A review of Nassau's 911 system is needed, County Executive Edward Mangano said Sunday after callers overwhelmed it during Saturday's storm, causing answering delays and the routing of some calls to Albany.
Mangano said the 911 system handles an average of 2,200 calls daily. Saturday that soared to about 10,000, he said, many of them generated by the ferocious nor'easter. In a typical week, 14,000 to 17,000 calls are handled.
Mangano said he knew of no cases Saturday in which 911 callers in jeopardy were unable to get somebody on the line, but there were waits and the system was swamped, despite the best efforts of call takers.
When Nassau's system is at capacity, Mangano said calls spill over, first to Suffolk County and then to a New York State Police system in Albany. "The public is protected because you have the redundancy," Mangano said. "But we should be able to do more locally."
Suffolk officials said they aided Nassau with 911 calls and reported no similar problems with their emergency system. Mangano said some calls were likely duplicates, with different people alerting authorities about the same downed tree, for instance, that they already knew about. Still, Mangano said he wants more capacity in Nassau's 911 system.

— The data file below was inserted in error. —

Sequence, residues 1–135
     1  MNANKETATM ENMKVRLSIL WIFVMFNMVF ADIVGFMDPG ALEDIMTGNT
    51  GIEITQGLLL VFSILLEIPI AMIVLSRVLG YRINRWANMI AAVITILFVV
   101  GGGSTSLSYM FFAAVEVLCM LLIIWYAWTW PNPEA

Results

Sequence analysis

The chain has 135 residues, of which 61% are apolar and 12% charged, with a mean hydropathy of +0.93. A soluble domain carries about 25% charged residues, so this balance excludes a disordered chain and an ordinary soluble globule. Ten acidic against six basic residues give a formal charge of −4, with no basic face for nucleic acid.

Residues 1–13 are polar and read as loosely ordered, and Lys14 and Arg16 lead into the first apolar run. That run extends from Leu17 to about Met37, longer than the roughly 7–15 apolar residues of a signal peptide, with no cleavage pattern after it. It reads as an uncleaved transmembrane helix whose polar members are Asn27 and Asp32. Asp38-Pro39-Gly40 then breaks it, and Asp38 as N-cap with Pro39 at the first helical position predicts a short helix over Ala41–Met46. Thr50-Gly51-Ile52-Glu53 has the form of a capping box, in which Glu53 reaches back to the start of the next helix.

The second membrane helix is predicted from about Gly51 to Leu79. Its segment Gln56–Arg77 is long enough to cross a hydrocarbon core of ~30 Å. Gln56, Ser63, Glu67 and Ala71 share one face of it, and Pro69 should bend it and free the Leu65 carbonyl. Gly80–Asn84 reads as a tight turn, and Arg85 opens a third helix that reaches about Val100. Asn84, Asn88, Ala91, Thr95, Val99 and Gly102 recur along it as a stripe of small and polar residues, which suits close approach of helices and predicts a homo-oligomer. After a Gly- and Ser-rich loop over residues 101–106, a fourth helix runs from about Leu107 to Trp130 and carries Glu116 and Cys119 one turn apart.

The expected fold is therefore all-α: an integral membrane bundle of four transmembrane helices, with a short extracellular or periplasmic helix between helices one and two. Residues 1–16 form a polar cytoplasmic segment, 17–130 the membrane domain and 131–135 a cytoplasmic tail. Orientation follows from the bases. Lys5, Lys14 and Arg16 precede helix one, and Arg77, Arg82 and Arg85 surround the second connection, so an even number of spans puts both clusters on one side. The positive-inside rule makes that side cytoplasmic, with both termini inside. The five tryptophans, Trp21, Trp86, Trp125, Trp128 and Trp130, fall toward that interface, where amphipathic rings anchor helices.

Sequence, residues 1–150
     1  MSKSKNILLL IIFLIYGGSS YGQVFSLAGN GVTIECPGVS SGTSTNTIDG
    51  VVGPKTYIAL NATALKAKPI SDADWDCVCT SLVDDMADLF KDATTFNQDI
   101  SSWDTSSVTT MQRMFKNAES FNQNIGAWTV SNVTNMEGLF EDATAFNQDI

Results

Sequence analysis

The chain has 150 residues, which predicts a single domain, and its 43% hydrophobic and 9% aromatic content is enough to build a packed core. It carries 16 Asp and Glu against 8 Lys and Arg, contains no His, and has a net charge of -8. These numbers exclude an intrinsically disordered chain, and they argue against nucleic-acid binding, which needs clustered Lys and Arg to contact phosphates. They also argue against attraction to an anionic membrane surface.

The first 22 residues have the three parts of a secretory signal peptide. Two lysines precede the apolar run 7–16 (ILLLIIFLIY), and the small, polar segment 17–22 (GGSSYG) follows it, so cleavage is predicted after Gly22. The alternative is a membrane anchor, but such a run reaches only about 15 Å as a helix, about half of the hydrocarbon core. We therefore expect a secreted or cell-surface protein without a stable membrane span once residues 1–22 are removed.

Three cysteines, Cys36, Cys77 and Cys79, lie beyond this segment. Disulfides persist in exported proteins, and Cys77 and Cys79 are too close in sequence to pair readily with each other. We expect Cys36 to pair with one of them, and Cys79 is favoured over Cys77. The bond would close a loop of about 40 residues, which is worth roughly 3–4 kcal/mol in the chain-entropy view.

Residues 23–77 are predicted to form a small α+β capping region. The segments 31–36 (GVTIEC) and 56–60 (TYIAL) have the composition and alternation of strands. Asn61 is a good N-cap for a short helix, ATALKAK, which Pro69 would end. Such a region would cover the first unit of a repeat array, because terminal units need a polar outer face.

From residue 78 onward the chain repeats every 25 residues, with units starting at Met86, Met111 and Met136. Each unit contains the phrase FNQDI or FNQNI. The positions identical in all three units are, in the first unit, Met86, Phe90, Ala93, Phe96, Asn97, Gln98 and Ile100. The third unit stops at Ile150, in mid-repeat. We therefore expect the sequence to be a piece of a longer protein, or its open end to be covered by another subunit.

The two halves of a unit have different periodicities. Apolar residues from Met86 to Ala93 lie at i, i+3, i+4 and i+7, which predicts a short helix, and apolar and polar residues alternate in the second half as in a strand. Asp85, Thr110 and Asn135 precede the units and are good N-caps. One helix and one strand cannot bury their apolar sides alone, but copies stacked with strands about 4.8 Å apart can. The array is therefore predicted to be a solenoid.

Monday, he said, he'll meet with those who manage the system.
Mangano said he also plans to examine the failure of an 800-megahertz radio system used by town and village emergency management personnel, the Sheriff's Department and the county's Department of Public Works.
The storm did not affect cell phone or land line service, Mangano said, so officials were able to communicate.